Apple's press release for the new iPhone 11 and iPhone 11 Pro runs about 2,000 words. At the end of Tuesday's keynote, Tim Cook summarized the products in just 17 words. Cook said the smartphones are "the most powerful and most advanced iPhones that we have ever built in a stunning new design."

For any entrepreneur or leader, being able to distill the essence of a new idea or product in one sentence is a powerful and effective communication strategy.

Apple executives use this strategy whenever they unveil something new. Every product is accompanied by a short description that fits easily in a Twitter post of 140 characters (no need for the extended 280-character limit).

Cook delivers the big picture--or what neuroscientist John Medina calls "the gist."

In Brain Rules, Medina writes, "The brain pays more attention to the gist than to the peripheral details. ... Normally, if we don't know the gist--the meaning--of information, we are unlikely to pay attention to the details."

In other words, when you give a presentation, start with the big picture before drilling down into the details. And end with the big picture, too.

Once Cook gave his audience the gist of the Apple iPhone 11, he introduced Apple's marketing chief, Phil Schiller, to dive into the details--the OLED display, spatial audio sound, three cameras, and the chips in the phone.

Think about it. How much do you need to know about the A13 chip in the new iPhone 11? If you really want to know just how powerful it is, you can read the specs to learn about the chip's specific engineering details. For most people, however, Cook's summary of "the most powerful" iPhone is enough information.

Cook returned at the end of the keynote with another simple summary, one that also would easily fit in a Twitter post: "The new iPhone 11 with its new dual-camera system, powerful A13 chip, beautiful new finishes, and incredible capabilities."

Crafting a twitter-friendly headline is harder than it appears. After all, Cook's former boss, Steve Jobs, once said that "simple is harder than complex." He was right. It's easy to add information. It's much harder to cut.

Here are three ways to communicate the gist of a product in one sentence.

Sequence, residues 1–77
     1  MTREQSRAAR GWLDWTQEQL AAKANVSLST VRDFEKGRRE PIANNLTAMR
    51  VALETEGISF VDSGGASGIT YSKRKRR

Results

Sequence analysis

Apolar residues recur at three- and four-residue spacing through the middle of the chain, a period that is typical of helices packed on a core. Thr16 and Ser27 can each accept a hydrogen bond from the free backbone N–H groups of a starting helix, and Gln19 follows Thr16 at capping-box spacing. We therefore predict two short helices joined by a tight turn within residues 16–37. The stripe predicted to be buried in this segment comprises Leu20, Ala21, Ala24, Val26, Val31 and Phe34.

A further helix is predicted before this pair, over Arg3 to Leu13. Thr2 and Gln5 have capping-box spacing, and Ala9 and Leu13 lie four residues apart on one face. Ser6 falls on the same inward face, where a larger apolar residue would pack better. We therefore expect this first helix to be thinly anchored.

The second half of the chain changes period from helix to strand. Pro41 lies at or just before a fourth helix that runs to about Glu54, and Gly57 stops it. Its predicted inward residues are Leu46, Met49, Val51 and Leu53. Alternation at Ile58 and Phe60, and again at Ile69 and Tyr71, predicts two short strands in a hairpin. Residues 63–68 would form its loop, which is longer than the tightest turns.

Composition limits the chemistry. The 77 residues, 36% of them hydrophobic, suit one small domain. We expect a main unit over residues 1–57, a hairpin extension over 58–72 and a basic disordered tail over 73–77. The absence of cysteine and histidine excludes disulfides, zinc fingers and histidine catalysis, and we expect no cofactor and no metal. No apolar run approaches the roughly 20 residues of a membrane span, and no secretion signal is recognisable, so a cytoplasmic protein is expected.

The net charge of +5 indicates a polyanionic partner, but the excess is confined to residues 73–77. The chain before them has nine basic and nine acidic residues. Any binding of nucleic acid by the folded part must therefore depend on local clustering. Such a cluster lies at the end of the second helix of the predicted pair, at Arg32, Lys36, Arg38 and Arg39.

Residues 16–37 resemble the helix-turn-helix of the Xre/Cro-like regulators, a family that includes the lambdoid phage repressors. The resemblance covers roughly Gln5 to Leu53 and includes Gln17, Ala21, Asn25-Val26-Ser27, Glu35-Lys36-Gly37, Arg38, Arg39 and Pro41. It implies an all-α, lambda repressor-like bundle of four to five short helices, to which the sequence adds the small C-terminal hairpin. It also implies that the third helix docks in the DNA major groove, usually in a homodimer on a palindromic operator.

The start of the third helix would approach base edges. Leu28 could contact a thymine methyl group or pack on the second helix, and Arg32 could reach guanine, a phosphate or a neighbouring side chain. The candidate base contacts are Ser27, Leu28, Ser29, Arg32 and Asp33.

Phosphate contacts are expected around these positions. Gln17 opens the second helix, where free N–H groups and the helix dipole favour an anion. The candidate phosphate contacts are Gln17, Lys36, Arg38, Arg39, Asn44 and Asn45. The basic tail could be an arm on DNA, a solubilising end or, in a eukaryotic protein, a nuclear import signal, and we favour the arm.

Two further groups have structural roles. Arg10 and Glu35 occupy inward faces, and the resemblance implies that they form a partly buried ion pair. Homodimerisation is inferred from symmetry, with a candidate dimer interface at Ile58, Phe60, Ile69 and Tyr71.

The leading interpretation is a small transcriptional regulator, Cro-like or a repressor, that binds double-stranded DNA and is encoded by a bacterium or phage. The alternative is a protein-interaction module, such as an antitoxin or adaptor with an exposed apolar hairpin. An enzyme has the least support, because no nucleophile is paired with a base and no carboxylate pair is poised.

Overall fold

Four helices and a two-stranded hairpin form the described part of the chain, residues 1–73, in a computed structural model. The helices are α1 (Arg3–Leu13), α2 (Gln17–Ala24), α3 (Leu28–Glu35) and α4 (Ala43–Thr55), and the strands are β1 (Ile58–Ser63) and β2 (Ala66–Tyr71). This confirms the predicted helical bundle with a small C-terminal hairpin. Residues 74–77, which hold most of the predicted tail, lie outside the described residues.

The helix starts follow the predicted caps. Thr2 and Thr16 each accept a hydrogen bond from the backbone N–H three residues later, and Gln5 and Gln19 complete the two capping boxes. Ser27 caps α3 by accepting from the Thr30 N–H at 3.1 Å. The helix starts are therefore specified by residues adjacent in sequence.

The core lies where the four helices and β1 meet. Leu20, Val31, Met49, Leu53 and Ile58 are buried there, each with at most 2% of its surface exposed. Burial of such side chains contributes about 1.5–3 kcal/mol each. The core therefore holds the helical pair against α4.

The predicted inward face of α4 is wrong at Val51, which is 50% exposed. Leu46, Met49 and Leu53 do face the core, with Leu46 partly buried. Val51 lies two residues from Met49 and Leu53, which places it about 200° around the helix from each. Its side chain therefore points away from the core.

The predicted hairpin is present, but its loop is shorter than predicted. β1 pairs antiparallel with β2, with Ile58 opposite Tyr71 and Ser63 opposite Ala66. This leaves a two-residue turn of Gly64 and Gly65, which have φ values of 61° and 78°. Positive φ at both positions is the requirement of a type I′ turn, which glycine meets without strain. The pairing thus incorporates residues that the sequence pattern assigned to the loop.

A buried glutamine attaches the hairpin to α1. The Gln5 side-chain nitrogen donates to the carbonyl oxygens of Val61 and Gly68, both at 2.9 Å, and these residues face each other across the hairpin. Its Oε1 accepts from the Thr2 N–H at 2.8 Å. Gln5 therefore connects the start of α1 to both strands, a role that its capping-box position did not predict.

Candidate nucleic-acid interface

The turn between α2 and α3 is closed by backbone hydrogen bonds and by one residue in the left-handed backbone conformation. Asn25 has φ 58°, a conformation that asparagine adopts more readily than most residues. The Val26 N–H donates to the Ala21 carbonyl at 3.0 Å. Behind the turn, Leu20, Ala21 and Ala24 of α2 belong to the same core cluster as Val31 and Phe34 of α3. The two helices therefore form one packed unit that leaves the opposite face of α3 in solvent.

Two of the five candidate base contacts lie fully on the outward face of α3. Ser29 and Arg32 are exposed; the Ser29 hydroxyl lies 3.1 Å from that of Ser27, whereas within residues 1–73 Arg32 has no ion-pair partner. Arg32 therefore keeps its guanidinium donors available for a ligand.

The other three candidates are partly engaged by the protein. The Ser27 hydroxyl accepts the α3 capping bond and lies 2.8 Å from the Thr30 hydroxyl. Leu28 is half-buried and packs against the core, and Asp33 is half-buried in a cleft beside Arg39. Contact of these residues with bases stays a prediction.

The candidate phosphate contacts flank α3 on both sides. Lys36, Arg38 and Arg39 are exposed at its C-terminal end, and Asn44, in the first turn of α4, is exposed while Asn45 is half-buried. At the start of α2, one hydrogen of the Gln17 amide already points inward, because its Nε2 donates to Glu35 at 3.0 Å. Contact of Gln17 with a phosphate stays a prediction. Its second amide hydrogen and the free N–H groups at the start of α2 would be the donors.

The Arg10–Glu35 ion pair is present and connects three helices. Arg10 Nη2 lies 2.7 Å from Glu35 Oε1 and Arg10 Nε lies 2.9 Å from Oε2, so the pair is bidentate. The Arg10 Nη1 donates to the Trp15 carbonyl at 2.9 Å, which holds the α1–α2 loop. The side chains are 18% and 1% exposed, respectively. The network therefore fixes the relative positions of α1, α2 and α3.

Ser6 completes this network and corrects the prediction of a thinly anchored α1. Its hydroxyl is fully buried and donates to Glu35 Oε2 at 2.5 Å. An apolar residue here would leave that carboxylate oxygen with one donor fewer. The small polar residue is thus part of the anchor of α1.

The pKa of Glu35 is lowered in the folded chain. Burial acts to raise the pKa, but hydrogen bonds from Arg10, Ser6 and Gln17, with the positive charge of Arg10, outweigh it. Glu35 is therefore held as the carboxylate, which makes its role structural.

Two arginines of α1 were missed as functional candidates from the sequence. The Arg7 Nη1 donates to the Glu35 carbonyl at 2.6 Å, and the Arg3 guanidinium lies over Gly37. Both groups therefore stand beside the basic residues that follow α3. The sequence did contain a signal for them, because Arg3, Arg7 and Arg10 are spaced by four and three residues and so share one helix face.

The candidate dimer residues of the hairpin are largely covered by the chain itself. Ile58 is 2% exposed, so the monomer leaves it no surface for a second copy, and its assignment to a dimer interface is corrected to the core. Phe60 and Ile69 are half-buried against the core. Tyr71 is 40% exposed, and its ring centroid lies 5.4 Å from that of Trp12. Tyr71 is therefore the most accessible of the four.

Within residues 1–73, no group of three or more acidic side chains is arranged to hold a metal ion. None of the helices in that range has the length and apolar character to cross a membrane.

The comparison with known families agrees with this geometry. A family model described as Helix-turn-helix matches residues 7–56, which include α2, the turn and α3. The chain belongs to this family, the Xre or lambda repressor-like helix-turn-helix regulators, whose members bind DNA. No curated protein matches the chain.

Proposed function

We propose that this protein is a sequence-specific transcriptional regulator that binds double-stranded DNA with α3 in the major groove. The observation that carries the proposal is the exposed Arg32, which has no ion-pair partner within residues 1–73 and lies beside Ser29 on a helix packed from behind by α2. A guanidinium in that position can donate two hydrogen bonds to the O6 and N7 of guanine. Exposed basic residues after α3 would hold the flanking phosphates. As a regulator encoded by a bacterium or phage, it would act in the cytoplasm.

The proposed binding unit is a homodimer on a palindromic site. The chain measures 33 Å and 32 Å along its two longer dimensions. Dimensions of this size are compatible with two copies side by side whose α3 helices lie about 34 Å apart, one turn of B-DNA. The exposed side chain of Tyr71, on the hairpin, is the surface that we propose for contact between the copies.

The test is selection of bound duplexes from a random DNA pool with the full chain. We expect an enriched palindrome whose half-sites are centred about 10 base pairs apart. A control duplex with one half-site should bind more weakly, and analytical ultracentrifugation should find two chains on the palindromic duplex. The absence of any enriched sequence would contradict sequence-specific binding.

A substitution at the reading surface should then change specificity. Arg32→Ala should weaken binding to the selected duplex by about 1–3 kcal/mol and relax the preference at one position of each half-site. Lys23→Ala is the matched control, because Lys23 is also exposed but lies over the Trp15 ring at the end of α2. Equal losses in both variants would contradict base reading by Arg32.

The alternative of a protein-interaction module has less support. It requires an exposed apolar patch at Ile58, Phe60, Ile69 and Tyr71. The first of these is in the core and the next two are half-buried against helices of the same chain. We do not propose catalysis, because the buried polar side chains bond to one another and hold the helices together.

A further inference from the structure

1. Focus on features that matter most.

Focus on one, two, three, or--at most--four features you think your customers will love. For example, the press release for the Apple Watch Series 5 is just under 1,900 words. Cook summarized it in 22 words (and, yes, under 140 characters). Cook said, "The new Apple Watch Series 5 with its always-on retina display, compass, new finishes, and the amazing new features of WatchOS 6."

The headline for the Apple Watch 5 Series mirrors Cook's summary almost word-for-word. Although there are many more features and details, the Apple marketing team decided that its customers would be the most interested in the always-on display. The headline leads with it, as did Cook's presentation. 

2. Stick to one big number.

When Cook introduced Arcade, Apple's first mobile game subscription service, he said, "Apple Arcade is the only place you can get unlimited access to over 100 ground breaking, exclusive new games." 

Sometimes, one number is important enough to build a headline around. 

3. Keep it short.

Crafting a sentence that fits in a Twitter post is a great exercise to build concise descriptions, whether or not you use Twitter as a vehicle to promote your product. When Cook introduced Apple's first streaming service for original programming, he delivered a sentence of just 124 characters. Cook said, "Our mission for Apple TV Plus is to bring you the best original stories from the most creative minds in television and film."

In Apple's communication strategy, nothing is taken for granted. The speakers on stage use the same headlines as the company's website, press, and marketing materials. Short summaries make it easier for customers to learn about new products quickly and concisely--and it makes it easier for salespeople to explain those products in as few words as possible.